EU 'ignoring' industry climate-neutral technology

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The EU must shift its focus to investments in climate-neutral technology in the steel, cement and chemical industries if it is to achieve its climate goals, energy think-tank Agora Energiewende said in a report published this week.

The European Commission recently recommended raising the bloc's greenhouse gas (GHG) reduction target for 2030 to 55pc compared with 1990 levels, from 40pc currently. The EU is also expected to enshrine into law a goal to reach net zero emissions by 2050.

But the EU's lack of discussion about climate-neutral technologies for energy-intensive industries is "jeopardizing its long-term climate goals", Agora said.

"The European Commission has so far almost completely ignored the use of climate-neutral technology in steel, cement and chemical factories," instead focusing on implementing process efficiency at conventional plants, Agora said.

Investments in climate-neutral technologies by energy-intensive industries covered by the EU's emissions trading system (ETS) could reduce the bloc's CO2 emissions by 145mn t by 2030, according to Agora, surpassing the 140mn t reduction needed across these sectors for the EU to achieve its 55pc GHG cut target.

In the steel industry, coal-fired blast furnaces could be replaced at the end of their operational life with direct reduction plants, which could at first run on natural gas and later transfer to climate-neutral hydrogen, Agora said.

And in the chemical industry, electrical heat generation could be used in place of natural gas-fired boilers. While a carbon capture and storage infrastructure is "crucial" to achieving climate-neutral production in the cement sector.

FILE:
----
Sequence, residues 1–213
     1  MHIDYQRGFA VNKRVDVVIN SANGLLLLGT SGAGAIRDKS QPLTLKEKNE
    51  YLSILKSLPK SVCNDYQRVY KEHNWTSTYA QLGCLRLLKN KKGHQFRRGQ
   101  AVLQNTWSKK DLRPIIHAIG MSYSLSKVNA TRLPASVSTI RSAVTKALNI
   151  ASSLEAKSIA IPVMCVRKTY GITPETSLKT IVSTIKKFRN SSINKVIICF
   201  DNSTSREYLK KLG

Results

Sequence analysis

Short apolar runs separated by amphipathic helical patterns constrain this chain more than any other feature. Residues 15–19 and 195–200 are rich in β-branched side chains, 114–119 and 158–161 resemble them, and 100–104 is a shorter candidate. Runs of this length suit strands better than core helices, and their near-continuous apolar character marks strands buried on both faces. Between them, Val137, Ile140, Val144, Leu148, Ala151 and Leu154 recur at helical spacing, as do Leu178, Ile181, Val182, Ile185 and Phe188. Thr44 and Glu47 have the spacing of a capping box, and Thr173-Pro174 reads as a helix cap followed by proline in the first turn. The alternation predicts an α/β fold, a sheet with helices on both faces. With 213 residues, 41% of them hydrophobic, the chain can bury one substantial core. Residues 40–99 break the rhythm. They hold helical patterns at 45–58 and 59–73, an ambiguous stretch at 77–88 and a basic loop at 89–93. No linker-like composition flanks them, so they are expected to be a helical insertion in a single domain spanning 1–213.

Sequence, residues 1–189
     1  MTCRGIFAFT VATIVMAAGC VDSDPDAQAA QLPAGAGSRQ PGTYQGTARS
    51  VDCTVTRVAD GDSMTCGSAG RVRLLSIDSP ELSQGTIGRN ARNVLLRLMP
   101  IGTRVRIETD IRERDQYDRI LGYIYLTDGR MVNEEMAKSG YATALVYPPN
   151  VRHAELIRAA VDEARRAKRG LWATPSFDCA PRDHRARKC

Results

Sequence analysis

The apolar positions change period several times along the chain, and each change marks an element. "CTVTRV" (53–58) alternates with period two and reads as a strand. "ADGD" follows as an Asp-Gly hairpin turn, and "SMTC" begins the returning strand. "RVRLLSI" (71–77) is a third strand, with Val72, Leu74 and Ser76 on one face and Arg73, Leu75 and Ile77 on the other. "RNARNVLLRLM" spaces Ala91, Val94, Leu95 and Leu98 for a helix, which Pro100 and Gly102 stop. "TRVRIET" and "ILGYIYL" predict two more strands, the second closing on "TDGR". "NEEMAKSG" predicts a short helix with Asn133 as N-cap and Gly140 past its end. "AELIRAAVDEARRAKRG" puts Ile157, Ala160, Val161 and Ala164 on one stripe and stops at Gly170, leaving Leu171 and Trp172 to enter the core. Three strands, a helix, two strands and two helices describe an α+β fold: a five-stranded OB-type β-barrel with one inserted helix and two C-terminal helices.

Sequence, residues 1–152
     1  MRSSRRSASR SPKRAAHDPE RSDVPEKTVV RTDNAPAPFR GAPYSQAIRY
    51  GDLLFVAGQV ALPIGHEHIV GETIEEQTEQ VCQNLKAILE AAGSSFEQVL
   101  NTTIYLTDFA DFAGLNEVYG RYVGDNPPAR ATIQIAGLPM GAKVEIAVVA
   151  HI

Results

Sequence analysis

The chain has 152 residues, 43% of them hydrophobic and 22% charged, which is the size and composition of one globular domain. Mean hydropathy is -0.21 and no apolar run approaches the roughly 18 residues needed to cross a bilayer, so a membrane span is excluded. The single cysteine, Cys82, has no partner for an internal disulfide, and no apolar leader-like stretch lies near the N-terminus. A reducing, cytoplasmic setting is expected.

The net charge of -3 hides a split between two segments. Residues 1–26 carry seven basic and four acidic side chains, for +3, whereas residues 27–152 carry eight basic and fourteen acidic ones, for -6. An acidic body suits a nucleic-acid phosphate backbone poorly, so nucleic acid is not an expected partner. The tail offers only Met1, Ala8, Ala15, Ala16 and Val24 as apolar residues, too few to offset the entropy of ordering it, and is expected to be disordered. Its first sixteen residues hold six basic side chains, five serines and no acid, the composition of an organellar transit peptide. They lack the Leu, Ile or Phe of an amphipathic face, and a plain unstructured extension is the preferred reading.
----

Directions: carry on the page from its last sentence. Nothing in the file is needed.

Immediate investment

But companies must start investing in such technology now if EU climate goals are to be achieved, or risk opening unsustainable conventional factories with long life spans that will become stranded assets by the 2040s, Agora said.

The think-tank is urging the EU to put support in place for climate-neutral investment, warning that failure to do so is likely to lead to carbon leakage.

"Industrial companies are showing increasing interest in climate-neutral technology. What they lack is framework conditions for a climate-neutral business model. It is up to the EU to create such a framework for investment in climate-neutral innovation," Agora deputy director Frank Peter said.

"Under current conditions, there is a high probability that they will shift their investments to countries with lower environmental requirements. As a result, industrial emissions elsewhere will increase, and European industrial sites will close."

Cement clinker production generated around 7.6pc of total verified emissions under the EU ETS last year. Steel production accounted for 6.4pc, while bulk chemicals made up 2.1pc.

By Victoria Hatherick

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